In any normal economy, it’s difficult to see how this can be sustained.  Few nations have ever managed to have a total tax income which exceeds around 36% of GDP.  Governments in Western countries are currently spending around 50% of GDP to maintain their commitments, which is why national debts are growing.  Scandinavian countries have persuaded their voters to accept taxation above 50%, but I don’t see promises of higher tax rates in any of the independence speeches.

Instead, oil revenues are seen as the golden egg.  There is growing debate as to how big oil reserves actually are, but even the pessimistic predictions ignore the underlying value of oil (much like the whole of the UK energy policy).  They assume that the price of a barrel of oil will remain stable or rise.  In other words, it’s an isolationist policy which assumes that only the things its supporters want to change will change.

Fracking may prove to put the lie to that.  In the US, fracking has reduced the cost of gas to the point where energy costs are falling.  There are already predictions that the US will soon reach a point where it no longer needs to import oil, which is one of the main reasons for its lack of interest in what’s currently happening in the Middle East – it no longer matters to them.  If more countries can repeat that experience, then the price of oil could plummet, making it uneconomic to extract most of what is left under the North Sea.  That not only robs Scotland of its projected income, but leaves it with uneconomic renewable energy, which will require massive taxpayer subsidies, robbing the coffers of any money that might support the independence dream.

I’d expected to see the media reporting this.  Instead it seemed to be concentrating on personalities, most of whom seemed to be stumbling through poorly constructed scripts.  One of the best shows I saw at Edinburgh this year was Valentijn Dhaenens’ Bigmouth – an exploration of the power of oratory which stitched together speeches from history’s greatest orators from Pericles to the present, showing that those who pick their words well can turn the weakest argument into the strongest.  The test is well worth reading.  A side-effect of the production was that it highlighted how in recent years, personal conviction has been usurped by the anodyne art of the political speech-writer, castrating politicians and turning them into mealy-mouthed, passionless performers.  It’s sad that in an issue as important as Scottish independence public opinion can be determined by whether a party leader has allowed themselves to have a bucket of iced water thrown over them.  When Christopher Logue wrote “I shall vote Labour” I believe it was intended as a piece of satire.  Today its sentiment seems to be much closer to a statement of reality.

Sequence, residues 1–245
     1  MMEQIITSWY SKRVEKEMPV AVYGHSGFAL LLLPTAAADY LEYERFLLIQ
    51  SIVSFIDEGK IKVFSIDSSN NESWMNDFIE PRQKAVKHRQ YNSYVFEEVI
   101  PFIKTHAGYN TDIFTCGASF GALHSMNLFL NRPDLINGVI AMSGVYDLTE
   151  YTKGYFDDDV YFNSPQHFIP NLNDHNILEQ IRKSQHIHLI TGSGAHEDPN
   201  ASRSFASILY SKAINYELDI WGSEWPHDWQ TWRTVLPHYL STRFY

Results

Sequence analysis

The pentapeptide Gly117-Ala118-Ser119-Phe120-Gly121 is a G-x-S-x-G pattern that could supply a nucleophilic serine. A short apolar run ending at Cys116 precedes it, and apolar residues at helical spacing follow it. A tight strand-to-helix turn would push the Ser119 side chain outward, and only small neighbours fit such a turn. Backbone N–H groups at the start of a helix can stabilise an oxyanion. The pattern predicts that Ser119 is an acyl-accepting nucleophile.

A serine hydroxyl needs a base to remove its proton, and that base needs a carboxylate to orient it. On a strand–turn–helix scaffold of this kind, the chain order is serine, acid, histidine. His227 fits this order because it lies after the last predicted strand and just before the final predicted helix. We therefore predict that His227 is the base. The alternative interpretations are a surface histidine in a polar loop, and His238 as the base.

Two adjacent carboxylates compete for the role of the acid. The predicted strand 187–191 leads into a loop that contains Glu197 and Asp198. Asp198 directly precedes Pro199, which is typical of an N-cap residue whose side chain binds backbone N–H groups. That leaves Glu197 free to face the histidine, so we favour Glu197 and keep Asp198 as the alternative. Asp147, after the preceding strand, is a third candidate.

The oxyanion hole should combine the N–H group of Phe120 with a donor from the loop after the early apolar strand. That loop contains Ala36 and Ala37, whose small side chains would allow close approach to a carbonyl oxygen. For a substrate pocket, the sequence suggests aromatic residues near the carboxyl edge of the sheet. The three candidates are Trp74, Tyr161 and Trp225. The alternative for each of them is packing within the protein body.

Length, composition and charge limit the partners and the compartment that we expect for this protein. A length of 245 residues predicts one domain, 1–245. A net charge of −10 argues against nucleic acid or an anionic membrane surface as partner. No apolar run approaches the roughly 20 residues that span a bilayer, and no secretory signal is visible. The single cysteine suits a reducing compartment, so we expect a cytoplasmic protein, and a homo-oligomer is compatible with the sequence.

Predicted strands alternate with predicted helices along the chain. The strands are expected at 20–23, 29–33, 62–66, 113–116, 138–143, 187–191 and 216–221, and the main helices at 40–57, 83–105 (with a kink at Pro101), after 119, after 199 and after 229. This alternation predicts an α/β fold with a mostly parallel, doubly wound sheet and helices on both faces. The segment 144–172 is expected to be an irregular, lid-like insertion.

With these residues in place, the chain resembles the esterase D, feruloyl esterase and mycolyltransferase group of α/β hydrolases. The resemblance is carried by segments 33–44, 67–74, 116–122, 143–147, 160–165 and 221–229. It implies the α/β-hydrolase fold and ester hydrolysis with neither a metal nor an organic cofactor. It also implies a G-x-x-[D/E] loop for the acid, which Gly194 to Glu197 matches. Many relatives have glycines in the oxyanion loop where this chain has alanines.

In the interest of impartiality, I’m also offering an update for the opposing camp:

I shall vote No because

I shall vote No because
YES has the same number of letters as SNP.
I shall vote No because
NO doesn’t.
It has the same number of letters as UK.

(Since posting this I’ve discovered I’m not the first to see the parallels with Christopher Logue’s seminal poem. Others got there first, including A.R. Frith with a separate take on No and Yes.  Ian Gent takes the Yes approach, whilst the Parodies Lost site provides a more patriotic “I shall vote Aye“.)


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About Creative Connectivity

Creative Connectivity is Nick Hunn's blog on aspects and applications of wireless connectivity. Having worked with wireless for over twenty years I've seen the best and worst of it and despair at how little of its potential is exploited.

I hope that's about to change, as the demands of healthcare, energy and transport apply pressure to use wireless more intelligently for consumer health devices, smart metering and telematics. These are my views on the subject - please let me know yours.